Dr Thokozani Mhlambi. Picture: Supplied
Dr Thokozani Mhlambi. Picture: Supplied

Dr Thokozani Mhlambi resumes homecoming tour

By Liam Karabo Joyce Time of article published Sep 19, 2021

Share this article:

After his stint of performing in France over the past two years, revered South African composer and cellist Dr Thokozani Mhlambi returned to South Africa for a homecoming tour that kicked off in Durban in June this year.

However, the tour had to be put on hold as lockdown restrictions tightened in the third wave of Covid-19.

Now he is ready to take his tour back on the road, with a performance in Cape Town this month that will see him presenting his new material created in Paris, as well as some of the favourites from his debut album.

“I'm really excited because the Baxter Theatre has established a garden venue, which is in keeping with the times, in terms of health protocols. Performing in an outdoor setting has a different kind of communication with your audience than a traditional theatre venue,” said Mhlambi.

Given the conditions of the Covid-19 pandemic, live performances and even sporting events were cancelled around the globe.

While governments race to get citizens vaccinated, some sort of normality is creeping in.

Speaking on the effects the pandemic has had on live performances, Mhlambi said they had become a lot more precious.

“It is that kind of thing you get when you are lucky. In a way, this has reawakened us to the power of human presence, and what it means to be inspired by different people, and different ideas in the world.

“The turn to digital formats has also had some positive spin-offs. We as artists have been forced to think bigger, simply because the digital audience is not restricted by location.

“Suddenly you have a whole audience out there for your art. It is especially important for the kinds of music that are not considered mainstream, but which still have an important message for society, and thus require a space of their own,” he said.

The tour takes as an inspiration Heritage Month, and the diversity of our cultural influences. It will open with a solemn dedication to early African composers, the likes of Enoch Sontonga, John Knox Bokwe, and then will be followed by further live acts.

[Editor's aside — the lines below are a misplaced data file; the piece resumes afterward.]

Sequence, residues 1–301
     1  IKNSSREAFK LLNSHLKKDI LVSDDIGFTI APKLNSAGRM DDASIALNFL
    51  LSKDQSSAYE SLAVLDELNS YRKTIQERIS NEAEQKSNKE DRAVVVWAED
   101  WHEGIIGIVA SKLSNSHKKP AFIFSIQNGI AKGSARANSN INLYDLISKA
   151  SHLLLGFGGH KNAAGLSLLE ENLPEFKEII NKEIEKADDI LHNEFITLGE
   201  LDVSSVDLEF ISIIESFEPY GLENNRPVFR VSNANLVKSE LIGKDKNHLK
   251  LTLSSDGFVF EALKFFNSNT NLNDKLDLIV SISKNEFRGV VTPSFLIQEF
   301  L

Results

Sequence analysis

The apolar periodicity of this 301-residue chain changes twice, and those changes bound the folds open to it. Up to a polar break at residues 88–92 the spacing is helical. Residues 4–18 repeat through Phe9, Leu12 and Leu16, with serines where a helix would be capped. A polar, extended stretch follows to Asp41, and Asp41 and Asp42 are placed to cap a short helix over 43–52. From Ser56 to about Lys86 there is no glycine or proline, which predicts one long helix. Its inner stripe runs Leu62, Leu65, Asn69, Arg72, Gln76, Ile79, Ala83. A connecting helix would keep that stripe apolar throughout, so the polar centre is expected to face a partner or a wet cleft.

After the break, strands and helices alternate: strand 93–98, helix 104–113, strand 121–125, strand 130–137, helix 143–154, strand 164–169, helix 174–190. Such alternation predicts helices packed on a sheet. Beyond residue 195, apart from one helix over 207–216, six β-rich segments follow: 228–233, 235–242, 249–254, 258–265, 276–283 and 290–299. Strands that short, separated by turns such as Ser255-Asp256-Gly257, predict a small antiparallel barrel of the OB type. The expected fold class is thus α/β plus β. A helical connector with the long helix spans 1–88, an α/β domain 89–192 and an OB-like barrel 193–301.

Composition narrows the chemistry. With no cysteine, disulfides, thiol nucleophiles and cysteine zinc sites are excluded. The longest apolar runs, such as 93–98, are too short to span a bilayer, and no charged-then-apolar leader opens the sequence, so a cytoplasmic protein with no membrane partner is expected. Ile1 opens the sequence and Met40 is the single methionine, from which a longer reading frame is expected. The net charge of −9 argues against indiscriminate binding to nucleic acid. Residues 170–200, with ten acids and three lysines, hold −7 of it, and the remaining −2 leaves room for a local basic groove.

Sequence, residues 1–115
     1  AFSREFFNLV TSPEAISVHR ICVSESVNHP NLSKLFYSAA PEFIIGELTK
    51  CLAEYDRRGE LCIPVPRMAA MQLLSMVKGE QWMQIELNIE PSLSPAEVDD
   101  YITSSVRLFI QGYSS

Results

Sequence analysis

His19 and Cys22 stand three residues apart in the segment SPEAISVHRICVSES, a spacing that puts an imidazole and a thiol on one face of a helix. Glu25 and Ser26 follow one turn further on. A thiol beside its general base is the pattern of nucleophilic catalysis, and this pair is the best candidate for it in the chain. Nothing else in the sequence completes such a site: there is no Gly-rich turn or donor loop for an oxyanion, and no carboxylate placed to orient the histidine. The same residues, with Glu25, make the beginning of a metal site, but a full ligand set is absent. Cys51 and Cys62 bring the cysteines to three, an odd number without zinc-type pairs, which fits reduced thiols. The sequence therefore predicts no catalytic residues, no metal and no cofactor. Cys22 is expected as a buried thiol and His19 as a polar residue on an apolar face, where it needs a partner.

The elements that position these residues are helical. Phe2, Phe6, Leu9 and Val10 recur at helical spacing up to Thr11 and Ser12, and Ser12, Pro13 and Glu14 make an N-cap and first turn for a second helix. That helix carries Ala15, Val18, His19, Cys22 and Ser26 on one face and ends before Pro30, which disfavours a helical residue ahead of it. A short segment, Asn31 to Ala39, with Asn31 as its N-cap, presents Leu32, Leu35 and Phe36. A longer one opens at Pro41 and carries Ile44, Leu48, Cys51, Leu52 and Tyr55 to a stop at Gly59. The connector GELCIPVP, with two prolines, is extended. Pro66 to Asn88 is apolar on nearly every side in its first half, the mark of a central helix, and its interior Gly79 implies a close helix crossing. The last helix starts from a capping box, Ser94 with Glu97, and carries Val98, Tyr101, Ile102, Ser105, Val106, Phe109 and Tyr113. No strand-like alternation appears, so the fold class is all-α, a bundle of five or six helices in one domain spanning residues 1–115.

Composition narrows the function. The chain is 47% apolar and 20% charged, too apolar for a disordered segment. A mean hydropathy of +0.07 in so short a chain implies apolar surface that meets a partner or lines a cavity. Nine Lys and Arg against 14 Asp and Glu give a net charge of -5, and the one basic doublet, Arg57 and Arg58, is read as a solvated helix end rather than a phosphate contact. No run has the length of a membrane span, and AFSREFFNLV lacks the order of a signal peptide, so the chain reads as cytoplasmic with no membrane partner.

Culminating with a meditative set played by Mhlambi, which will reflect the influences he came across: there are traces of Arab influence from interacting with Oud players on the streets of Paris, some Kora-sounding reflections from links with immigrants, roaming musical griots, from Mali.

“Heritage Month is an important time for bringing people together. The global pandemic has really redefined our own understanding of togetherness. Music, however, continues to play an important role in promoting diversity of languages, especially African languages, and lifestyles that must define an era.

“By these lifestyles, I mean those conscious choices we make that mark our time as different to that of the Sophiatown cultural movement, or District Six back in the days. We must find the question of our time. This question becomes what our art then tries to unravel, in its multiplicity of shapes and forms,” explained Mhlambi.

Firmly intact is a Zulu aura in the collection of works, arising out of Mhlambi’s firm cultural footing, as a KwaZulu-Natal born artist.

“This concert is unique in terms of the diversity of energies it brings together. Some coming from my global travels, others are brought by the various contributors,” he said.

Mhlambi will be joined on stage by some of his friends, which include some of South Africa’s most vibrant artists.

The 35-year-old KwaZulu-Natal composer and cultural thinker is set to perform at the Baxter Theatre Garden in Cape Town on September 18, and Johannesburg on September 25, as part of the Sophiatown Arts Festival.

Share this article: